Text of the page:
Anesthesia

Treatment that dulls or blocks normal sensation, including pain, and that is usually given before a surgical procedure. There are three basic types of anesthesia: general, regional, and local.

People under general anesthesia are unconscious, feel no pain, and have no memory of their time under anesthesia. For these reasons, general anesthesia is commonly used for longer and more complex surgeries, such as those involving organs in the chest or upper abdomen. The anesthesia is usually brought on by intravenous drugs and inhaled gases.

During a procedure that uses general anesthesia, a tube is typically inserted into a person’s throat to provide oxygen. During the surgery, anesthesiologists — doctors who specialize in administering anesthesia — carefully monitor people with electronic devices that continually display vital signs, including blood pressure, blood oxygen levels, heart function, temperature, and breathing patterns. Although general anesthesia can cause heart attacks, stroke, and infections, these and other serious side effects are rare in healthy people. People who have heart problems, who take drugs that increase bleeding, who smoke or drink, and who are obese are at higher risk of complications from general anesthesia.

Regional anesthesia numbs one area of the body, such as a limb, without making a person unconscious. In regional anesthesia, drugs are administered either to the spine or to nerves elsewhere in the body. When administered to the spine, the two most common procedures are spinal blocks and epidural blocks. In a spinal block, pain-relieving drugs are injected into the fluid around the spine in the lower back. The drugs block pain signals from the lower body, numbing the entire area below the waist. An epidural block is similar to a spinal block, except that it uses a catheter to transmit the pain-relieving drugs to the spine. Also, whereas a spinal block is always performed on the lower back and numbs only the lower body, an epidural can be inserted into the middle or upper spine to numb parts of the upper body. One advantage of an epidural block is that the catheter can be left in to provide pain relief after the surgery. Epidural blocks are well known from their use in women during childbirth.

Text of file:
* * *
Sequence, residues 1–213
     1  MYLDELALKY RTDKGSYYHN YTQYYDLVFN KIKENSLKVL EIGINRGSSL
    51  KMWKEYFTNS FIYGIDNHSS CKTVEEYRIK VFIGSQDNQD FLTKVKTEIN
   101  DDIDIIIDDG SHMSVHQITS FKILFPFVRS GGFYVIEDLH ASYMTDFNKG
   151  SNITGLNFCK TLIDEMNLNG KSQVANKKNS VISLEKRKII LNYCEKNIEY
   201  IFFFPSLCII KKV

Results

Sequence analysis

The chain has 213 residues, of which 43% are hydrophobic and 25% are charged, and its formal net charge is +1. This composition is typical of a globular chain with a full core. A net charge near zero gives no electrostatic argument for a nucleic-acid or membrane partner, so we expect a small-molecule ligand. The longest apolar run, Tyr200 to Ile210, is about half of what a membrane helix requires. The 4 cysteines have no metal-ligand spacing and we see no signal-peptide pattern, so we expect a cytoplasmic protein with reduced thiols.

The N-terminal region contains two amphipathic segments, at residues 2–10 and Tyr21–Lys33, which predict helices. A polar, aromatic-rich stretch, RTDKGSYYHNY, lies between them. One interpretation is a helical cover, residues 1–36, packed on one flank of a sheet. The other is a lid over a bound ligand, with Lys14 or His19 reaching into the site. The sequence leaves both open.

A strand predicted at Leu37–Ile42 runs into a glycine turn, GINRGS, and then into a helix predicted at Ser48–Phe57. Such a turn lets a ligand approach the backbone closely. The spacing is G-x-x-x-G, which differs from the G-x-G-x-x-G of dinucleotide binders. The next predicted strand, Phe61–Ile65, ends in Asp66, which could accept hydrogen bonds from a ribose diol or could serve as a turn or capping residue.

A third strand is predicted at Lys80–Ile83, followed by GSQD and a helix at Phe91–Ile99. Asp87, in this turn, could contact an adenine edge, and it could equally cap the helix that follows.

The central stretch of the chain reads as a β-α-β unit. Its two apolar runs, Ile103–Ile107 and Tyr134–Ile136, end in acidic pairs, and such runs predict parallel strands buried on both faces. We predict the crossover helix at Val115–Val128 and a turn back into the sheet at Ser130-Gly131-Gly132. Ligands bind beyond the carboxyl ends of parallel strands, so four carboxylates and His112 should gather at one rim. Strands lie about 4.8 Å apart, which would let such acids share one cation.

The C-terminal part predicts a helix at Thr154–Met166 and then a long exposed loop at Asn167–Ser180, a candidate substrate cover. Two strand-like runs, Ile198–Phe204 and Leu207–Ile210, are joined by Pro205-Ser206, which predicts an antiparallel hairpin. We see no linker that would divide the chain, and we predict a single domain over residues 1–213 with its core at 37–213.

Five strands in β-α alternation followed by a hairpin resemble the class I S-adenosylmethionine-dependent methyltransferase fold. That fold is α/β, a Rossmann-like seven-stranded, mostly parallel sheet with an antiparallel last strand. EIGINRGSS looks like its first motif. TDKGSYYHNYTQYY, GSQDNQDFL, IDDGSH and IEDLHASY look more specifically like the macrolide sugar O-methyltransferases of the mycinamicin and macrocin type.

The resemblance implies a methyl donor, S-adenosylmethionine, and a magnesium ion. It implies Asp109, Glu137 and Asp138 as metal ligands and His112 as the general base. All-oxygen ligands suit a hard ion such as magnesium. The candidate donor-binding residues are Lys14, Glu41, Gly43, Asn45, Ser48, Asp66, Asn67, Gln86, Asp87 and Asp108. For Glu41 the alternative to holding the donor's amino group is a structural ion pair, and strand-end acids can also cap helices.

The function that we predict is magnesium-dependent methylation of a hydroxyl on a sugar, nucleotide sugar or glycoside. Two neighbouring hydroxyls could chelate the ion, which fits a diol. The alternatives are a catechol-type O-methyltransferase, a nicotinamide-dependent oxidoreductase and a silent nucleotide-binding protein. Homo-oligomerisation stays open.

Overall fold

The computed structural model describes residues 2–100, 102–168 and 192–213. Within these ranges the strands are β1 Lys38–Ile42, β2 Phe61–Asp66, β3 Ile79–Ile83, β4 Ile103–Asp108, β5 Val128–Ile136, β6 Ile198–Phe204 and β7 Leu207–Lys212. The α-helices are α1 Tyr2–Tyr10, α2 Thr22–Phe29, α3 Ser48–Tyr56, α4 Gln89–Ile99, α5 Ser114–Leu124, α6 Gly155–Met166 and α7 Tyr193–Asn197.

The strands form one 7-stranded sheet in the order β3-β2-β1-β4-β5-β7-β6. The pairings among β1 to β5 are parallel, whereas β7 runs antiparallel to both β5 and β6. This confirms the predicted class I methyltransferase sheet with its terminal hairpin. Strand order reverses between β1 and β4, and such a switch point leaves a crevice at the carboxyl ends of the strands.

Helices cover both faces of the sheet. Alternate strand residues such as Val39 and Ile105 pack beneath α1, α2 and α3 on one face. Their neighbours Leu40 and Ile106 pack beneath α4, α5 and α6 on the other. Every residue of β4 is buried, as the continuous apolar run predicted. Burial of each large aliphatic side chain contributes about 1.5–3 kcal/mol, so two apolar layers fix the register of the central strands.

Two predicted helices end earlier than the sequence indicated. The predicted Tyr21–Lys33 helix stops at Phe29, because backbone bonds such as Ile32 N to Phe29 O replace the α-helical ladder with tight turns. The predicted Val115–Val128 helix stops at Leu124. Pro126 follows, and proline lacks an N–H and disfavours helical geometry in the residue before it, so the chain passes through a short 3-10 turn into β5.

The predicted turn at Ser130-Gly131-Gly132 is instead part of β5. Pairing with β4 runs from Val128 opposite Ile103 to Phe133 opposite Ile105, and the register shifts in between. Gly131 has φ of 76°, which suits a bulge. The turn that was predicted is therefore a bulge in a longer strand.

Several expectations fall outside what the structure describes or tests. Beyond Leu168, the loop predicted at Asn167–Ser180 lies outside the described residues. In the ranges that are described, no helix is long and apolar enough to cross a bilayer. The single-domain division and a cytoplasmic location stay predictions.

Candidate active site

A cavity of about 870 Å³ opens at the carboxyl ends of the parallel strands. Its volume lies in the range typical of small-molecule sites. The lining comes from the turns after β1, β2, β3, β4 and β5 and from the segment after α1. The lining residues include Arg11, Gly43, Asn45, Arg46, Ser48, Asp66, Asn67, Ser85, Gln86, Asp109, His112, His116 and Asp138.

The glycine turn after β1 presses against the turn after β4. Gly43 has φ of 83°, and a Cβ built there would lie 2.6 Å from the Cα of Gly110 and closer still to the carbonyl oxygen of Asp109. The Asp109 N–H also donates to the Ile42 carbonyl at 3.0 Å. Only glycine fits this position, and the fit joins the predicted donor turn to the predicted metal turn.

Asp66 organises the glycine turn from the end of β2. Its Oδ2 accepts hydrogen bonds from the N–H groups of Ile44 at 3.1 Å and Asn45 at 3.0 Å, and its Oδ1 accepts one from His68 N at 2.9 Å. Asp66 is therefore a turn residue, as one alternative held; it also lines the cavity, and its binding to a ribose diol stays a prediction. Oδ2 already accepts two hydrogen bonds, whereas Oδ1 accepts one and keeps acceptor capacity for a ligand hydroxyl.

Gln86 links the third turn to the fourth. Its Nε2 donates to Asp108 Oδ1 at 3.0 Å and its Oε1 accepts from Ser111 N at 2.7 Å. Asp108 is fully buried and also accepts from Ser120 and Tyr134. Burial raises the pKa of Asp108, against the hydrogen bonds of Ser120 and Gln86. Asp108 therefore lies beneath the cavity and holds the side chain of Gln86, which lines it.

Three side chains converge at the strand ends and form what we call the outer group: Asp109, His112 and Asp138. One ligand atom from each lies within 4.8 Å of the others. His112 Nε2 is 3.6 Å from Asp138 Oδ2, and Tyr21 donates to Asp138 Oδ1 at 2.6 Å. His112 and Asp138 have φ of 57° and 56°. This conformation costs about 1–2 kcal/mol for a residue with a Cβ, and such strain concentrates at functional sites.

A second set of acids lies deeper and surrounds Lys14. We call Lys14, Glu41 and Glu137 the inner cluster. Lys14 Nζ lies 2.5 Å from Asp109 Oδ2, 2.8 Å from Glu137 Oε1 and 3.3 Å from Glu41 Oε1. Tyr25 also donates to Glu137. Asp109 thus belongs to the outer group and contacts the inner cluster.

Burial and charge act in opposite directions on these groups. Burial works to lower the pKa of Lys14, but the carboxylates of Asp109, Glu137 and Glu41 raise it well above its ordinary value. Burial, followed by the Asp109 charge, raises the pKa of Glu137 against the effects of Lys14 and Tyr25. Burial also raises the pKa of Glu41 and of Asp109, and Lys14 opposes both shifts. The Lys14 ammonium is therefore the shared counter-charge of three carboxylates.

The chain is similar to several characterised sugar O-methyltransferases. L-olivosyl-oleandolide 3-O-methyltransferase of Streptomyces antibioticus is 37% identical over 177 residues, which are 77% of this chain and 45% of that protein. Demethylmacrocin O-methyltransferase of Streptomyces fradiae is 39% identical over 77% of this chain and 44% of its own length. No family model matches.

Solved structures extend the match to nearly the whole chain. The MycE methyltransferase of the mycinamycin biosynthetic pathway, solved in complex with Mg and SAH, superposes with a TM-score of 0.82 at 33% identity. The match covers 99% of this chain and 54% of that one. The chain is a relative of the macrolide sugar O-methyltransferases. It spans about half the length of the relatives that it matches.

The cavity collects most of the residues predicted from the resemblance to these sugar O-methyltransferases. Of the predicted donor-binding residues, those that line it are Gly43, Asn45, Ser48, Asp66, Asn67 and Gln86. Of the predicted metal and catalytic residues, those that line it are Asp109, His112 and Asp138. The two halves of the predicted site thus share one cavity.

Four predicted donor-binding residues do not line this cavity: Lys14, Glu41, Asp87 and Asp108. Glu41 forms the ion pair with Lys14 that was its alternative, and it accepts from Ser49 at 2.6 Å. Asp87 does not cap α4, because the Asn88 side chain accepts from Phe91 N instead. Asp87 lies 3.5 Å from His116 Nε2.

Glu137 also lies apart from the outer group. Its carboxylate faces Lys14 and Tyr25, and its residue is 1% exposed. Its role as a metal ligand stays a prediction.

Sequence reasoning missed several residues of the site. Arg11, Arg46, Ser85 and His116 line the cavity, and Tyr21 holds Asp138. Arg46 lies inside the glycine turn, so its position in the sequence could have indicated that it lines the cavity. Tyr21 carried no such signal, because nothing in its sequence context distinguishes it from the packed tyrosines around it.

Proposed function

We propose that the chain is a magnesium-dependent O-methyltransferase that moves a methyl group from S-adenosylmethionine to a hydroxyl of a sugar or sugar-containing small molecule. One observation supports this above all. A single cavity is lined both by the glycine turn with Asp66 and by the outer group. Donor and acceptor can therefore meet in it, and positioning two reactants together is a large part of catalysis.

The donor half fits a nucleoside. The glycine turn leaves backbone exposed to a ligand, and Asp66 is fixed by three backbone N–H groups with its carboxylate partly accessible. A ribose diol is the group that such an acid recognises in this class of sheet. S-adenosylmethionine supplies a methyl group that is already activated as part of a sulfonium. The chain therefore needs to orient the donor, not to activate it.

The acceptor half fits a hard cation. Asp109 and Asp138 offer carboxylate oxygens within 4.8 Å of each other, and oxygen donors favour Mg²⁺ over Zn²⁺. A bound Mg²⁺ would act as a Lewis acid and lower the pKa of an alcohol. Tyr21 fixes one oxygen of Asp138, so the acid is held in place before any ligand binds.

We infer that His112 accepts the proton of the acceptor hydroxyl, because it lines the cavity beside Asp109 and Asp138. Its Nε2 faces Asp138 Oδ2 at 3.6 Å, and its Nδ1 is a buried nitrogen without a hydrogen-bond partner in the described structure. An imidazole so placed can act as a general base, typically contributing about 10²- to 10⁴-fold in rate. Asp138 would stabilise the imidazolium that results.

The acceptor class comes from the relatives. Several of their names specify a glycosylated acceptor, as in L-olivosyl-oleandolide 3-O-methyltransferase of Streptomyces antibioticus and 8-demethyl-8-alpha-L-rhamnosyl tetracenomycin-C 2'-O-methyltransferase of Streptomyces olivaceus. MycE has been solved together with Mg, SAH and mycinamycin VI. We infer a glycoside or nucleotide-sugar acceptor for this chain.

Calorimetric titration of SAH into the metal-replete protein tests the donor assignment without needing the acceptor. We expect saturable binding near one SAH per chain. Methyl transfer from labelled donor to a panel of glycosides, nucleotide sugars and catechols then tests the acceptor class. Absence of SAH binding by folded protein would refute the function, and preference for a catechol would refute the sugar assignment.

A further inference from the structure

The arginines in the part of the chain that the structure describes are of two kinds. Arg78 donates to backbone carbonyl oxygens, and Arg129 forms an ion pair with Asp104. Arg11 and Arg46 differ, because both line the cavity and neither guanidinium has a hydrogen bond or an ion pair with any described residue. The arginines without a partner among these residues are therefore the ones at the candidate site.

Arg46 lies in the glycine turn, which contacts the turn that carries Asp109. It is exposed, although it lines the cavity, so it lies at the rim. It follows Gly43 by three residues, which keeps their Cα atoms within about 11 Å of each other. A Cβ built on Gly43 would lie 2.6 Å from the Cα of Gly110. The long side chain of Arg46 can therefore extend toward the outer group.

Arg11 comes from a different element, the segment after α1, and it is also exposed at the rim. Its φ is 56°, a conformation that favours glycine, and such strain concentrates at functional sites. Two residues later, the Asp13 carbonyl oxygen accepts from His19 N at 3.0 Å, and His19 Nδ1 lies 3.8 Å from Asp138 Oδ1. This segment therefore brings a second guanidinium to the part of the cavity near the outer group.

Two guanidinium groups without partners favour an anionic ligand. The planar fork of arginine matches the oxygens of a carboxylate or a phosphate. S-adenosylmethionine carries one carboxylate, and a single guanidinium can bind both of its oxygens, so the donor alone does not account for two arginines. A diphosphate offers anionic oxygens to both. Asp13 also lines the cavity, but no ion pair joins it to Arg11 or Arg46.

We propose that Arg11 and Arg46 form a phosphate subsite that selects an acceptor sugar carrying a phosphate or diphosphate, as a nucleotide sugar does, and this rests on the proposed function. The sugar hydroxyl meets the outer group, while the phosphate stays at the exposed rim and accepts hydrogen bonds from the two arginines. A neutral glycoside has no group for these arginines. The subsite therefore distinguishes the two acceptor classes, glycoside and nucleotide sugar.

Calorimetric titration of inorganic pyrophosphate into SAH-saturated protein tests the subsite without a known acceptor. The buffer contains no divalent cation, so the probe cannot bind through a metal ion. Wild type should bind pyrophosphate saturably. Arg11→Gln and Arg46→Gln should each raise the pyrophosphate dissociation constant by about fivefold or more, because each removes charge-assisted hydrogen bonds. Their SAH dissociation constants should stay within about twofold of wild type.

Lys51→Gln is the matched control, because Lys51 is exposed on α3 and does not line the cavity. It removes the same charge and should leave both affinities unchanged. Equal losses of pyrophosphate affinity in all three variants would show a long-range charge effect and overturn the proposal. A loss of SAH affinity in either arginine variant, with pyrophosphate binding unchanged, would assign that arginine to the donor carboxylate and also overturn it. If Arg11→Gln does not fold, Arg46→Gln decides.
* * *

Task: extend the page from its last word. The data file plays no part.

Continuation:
Another type of regional anesthesia, often called a nerve block, uses injections of pain-relieving drugs into nerves not in the spine to numb a particular part of the body. For example, a nerve block in the arm may be used during hand surgery. A nerve block in the groin may be used for surgery in the thigh or knee.

Local anesthesia is used to numb a smaller area of the body. Examples of local anesthesia are gum injections given for dental procedures and topical drugs that numb the skin before an injection.

For some surgeries, there may be a choice of either general or regional anesthesia. For example, Cesarean sections, breast biopsies, cataract surgery, hernia repair, and some types of plastic surgery may use either type of anesthesia. For people with arthritis, a total hip or knee replacement can be performed with either type of anesthesia as well. In many cases, regional anesthesia — whether spinal block, epidural block, or nonspinal nerve block — is preferred because of a lower risk of side effects, less postoperative pain, and a quicker recovery.

Robert S. Dinsmoor is a medical writer and editor based in Massachusetts.

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